In today's Finshots, we talk about the Gold Monetisation Scheme and explain why it's failed to fully take off.


The Story

India is obsessed with gold. It’s always been obsessed with gold. The ancient Roman author Pliny the Elder called India the sink of all gold. However, this obsession with gold doesn’t always bode well for us.

You see, India doesn’t mine a lot of gold. Instead, we import it from other countries. As we wrote in one of our issues last year —

You can’t buy gold from foreign countries using rupees. You have to pay for it with the dollar. So when there’s a disproportionate demand for gold, there is a disproportionate demand for the dollar. Everybody rushes to exchange their rupees dumping it like an ex they never wanted to talk to and start courting the dollar. The value of the dollar rises and the value of rupee tumbles. And as the rupee loses its value it becomes more expensive for us to import other stuff, like oil. Unlike Gold, we actually need oil. So, it makes sense for us to cut down on gold imports.

But you can’t force people to stop consuming gold. That won’t work. What you could do however is try and source gold from within i.e. simply mobilize and monetize all the idle gold in this country and get people and institutions to make money off of it, instead of tucking it away in a locker.

So the government launched the Gold Monetisation Scheme back in 2015.

The premise was simple. You go to a bank. You deposit gold. You agree on a time frame and depending on when you’re expecting to redeem your deposit, you’ll be offered interest payments in line with your commitment. It’s like a fixed deposit. The only difference here is that you receive gold on the day of maturity. If you can’t wait till then, you can pay a fine and redeem your gold deposit earlier. But obviously, that’s a sub-optimal solution.

Anyway, once the banks take possession of your gold, they’ll ship it to a Collection and Purity Testing Centre. Once they figure out what it’s worth, they’ll put pen to paper. But here’s where things get interesting. Banks can’t sit on this gold and expect to pay you interest every year. They need to monetise it and put it to good use. So they’ll ship your gold to a refiner. The refiner, in turn, will melt and convert it into standardized gold coins and they’ll ship the gold back to the bank. And herein lies the first problem. Once you deposit jewellery, you’re not going to get it back the same way you last saw it. This isn’t a very appetizing proposition for most Indians since we have deep emotional ties to our jewellery. Think Temples. Hindu temples are believed to harbour a good chunk of the country's private gold reserves. However, melting all this jewellery in a bid to monetise gold would never sit well with donors or devotees and it's a big problem.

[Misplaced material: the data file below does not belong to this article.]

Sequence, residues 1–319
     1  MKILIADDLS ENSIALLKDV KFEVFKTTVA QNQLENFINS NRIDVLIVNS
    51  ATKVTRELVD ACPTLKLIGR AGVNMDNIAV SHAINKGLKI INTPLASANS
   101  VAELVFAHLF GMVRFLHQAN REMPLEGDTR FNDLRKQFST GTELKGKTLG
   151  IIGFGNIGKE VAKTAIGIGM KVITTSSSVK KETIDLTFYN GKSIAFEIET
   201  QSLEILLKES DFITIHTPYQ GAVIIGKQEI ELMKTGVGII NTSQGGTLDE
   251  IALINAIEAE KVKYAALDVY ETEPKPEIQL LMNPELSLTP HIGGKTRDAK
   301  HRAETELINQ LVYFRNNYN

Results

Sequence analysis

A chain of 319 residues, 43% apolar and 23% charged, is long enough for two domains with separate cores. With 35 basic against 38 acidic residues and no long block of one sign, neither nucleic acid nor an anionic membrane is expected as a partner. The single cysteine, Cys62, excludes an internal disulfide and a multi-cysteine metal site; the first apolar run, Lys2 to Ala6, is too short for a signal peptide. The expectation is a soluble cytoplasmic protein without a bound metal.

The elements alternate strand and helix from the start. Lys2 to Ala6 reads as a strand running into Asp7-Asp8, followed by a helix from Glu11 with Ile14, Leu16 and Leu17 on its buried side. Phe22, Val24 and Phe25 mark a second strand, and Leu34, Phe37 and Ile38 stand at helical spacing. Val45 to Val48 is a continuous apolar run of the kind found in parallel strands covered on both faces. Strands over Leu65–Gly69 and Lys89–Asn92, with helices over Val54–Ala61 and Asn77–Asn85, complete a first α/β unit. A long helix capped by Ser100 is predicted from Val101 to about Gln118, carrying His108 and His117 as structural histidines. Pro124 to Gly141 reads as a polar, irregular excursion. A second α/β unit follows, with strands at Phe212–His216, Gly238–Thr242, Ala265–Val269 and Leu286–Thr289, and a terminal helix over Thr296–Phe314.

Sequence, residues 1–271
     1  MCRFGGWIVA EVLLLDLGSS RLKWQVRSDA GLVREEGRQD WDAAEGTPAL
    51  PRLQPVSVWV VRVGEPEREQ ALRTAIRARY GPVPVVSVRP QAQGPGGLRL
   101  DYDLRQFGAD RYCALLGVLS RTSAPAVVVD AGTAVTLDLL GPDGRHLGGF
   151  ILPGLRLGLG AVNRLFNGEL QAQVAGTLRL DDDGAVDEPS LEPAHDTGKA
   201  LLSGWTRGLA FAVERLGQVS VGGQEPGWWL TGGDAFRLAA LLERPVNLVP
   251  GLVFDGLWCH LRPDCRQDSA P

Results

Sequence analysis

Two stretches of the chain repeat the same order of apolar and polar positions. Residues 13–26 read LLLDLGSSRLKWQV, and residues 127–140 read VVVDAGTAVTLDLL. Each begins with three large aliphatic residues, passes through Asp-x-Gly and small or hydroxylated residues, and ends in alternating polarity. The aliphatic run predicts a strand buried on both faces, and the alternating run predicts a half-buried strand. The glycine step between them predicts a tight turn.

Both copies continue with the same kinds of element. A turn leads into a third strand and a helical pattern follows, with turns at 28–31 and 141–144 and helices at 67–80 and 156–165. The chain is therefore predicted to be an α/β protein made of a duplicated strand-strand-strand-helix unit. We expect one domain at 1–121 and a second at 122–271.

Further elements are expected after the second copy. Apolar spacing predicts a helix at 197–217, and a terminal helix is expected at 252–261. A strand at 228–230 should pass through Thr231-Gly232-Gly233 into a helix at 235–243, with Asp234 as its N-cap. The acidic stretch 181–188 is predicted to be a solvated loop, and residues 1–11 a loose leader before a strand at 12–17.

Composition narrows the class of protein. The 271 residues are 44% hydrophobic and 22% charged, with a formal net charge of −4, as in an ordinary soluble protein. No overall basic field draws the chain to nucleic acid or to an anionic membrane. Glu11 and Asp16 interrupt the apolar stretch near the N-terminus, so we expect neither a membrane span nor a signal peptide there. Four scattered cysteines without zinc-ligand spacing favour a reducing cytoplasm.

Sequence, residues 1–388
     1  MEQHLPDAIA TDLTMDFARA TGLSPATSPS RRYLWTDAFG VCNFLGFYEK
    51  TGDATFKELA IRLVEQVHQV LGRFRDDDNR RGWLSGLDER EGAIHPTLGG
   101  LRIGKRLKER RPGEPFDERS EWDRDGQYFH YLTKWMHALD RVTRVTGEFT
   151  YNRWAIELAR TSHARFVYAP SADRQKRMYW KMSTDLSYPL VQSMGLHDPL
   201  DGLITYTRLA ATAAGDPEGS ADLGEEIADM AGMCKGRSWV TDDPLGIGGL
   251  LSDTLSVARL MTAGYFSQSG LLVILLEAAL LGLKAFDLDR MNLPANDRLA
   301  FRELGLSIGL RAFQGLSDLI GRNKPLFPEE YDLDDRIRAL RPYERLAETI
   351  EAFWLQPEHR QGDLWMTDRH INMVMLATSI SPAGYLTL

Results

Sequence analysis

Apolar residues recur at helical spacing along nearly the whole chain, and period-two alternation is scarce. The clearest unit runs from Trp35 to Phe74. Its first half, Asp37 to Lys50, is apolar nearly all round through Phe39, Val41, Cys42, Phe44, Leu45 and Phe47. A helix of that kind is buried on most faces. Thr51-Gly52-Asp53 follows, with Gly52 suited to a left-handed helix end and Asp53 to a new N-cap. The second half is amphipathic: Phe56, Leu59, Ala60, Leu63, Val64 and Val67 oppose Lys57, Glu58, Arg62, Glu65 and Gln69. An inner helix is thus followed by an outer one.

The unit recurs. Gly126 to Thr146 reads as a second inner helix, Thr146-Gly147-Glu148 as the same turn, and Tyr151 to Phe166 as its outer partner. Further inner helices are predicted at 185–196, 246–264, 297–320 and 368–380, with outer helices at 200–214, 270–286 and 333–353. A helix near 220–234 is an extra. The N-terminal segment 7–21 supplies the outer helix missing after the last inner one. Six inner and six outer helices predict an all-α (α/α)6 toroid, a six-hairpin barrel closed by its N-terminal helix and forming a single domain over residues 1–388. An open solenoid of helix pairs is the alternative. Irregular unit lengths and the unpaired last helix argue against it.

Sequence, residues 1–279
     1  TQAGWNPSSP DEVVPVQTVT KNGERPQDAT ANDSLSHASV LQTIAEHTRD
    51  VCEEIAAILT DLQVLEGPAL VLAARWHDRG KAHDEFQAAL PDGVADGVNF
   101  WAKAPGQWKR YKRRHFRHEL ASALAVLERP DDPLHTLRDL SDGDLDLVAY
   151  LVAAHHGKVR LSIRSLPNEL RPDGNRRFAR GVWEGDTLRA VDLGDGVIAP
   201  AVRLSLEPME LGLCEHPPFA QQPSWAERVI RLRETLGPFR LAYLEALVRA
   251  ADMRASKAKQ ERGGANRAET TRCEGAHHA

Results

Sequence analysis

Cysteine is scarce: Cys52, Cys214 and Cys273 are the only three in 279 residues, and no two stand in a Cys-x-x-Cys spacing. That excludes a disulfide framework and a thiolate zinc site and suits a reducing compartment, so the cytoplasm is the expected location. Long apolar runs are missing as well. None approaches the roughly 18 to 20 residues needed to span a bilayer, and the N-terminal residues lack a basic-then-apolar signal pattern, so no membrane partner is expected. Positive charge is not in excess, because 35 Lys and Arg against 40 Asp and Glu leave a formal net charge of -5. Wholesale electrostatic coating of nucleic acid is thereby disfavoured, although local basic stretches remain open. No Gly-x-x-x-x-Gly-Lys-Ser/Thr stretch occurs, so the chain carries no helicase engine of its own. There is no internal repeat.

Anyway, once banks get their hands on these gold coins, they try and make some money off it by lending it to jewellers. The jeweller borrows this gold by paying interest rates of ~6.0–6.5%. And since banks pay depositors only 2.5% under the Gold Monetization Scheme, there’s definitely some money to be made here.

Unfortunately, it doesn’t always fully cover the logistic expenses of running the scheme. There’s insurance cost, transportation cost, processing fee, and other transaction charges. Think about all the money banks would have to spend in safely moving this gold between purity centres, refiners and the jewellers. It’s a nightmare. Banks could very well deploy their resources elsewhere and extract a better margin. And as such, they don’t really have a lot of incentives to pursue this scheme either.

Which kind of explains why we’ve been able to monetise just 20 tonnes of gold since the scheme launched back in 2015. That’s roughly 3% of India’s annual demand for gold. Not stellar numbers by any stretch of the imagination.

But perhaps the real problem isn’t our obsession with gold. Maybe it's something else altogether.

Indians believe in gold because it’s always served as an effective hedge against inflation. Despite the volatility in price movements, gold has almost consistently kept pace with the basket of goods and services that most Indians consume on a daily basis. It’s also the most accessible investment option available and you certainly don’t need to read offer documents carefully before you invest in gold. It’s gold for Christ's sake. It’s always worth something.

So perhaps the best way to reduce our dependency on imports is to look inwards. Alongside programs like the Gold Monetisation Scheme, we ought to be looking at social protection. If people have better avenues to limit their downside including insurance, fixed deposits, or even a savings account for that matter, maybe people wouldn’t turn to gold as much. Maybe the only way to reduce our dependency on gold is to create more robust dependencies elsewhere.

Until then…

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